Ah, there’s the question, and it haunts you throughout the book until at last the great moment arrives. So wrought up are you that when dinnertime comes, “you are not very hungry and so you eat rather pinglingly, having only: a sip of soup, a snip of snipe, a smidgeon of stag, a munch of mutton, a bite of boar, a pinch of pheasant, and a little lark.”
I love what author G. B. Kirtland has done in this whimsical little book. The language is delicious, the style unique, and the peek at Elizabethan life is fascinating. My kids giggle the whole way through, every time (for this is a book that demands repeated readings). By my troth, ’tis the perfect compliment to a study of Shakespeare—and a majestical, fantastical, grandiloquent remedy for a humdrum afternoon.
If your local library lacks a copy (alas and alack), try this website to see what other libraries in your area carry it.
For more book recommendations, visit my Booknotes page.
The new issue of MacBeth Derham’s excellent newsletter, WILD MONTHLY, is up on her website today. An excerpt:
“A group of students and I were once exploring some ruins. These were not ancient ruins, which are so often admired as monuments to the achievements of man, but recent ruins of maybe some 60 years, true monuments to the power of nature. These were still recognizably greenhouses, but the glass was long gone, and vines crawled up the sides and around the empty window frames. A single mature tree grew out of the middle of one of the long, low buildings, spreading its branches well beyond the limits of the former roof, while younger trees pushed their way through the floor, past potting tables, over long abandoned seedling trays, and reached for sunlight. The remains of the roofline dipped, mirroring the ground below… “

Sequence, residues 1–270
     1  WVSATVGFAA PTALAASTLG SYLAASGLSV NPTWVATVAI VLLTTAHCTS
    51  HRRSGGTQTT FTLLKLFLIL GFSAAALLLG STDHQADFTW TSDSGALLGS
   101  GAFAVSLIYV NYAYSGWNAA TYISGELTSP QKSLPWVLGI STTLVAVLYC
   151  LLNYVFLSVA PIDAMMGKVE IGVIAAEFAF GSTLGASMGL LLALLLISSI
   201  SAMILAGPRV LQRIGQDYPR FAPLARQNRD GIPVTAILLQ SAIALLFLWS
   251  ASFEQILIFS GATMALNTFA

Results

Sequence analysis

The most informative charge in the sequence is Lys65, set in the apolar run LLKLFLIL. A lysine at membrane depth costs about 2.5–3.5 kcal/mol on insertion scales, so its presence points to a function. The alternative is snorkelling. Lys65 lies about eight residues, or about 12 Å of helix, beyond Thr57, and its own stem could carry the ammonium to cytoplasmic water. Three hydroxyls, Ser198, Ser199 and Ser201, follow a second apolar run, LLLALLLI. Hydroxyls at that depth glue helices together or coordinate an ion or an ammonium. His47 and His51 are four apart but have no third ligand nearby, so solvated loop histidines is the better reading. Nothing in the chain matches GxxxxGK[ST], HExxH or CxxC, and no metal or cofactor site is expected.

Read the rest!
February 28, 2005 @ 2:47 pm | Filed under: Poetry
Over breakfast this morning, while the girls ate frozen blueberries in their hot oatmeal (they always beg me not to stir in the berries—they like them cold and crunchy, ugh), I read half a dozen poems about snow and winter from our battered, treasured copy of Helen Ferris’s Favorite Poems Old and New. Shakespeare’s owl called out his merry tu-whit, tu-whoo, oblivious to the discomfort of poor red-nosed Marian and cold-fingered Dick. Robert Frost’s pony shook his harness bells inquisitively in the frozen woods—but I suspect that poem’s tone of quiet contemplation was lost on the girls, since their daddy interrupted my reading to recite it in Monty Python fashion, booming and overblown. They’ll be surprised, one day, to discover it’s a serious poem instead of the kind that makes you choke on your frozen blueberries.
Later we laughed over a poem Rose pretended to “read” out of a dictionary when she was not quite three years old:
Slip on ice?
Me know what, me know what—
Me go eat my lunch.
I came across this little gem the other day in my file of funny kid stories, along with its prequel, Rose’s first joke.
Me: What kind of cereal do you want today?
Rose: Snow Flakes!
Obviously she has her father’s sense of humor.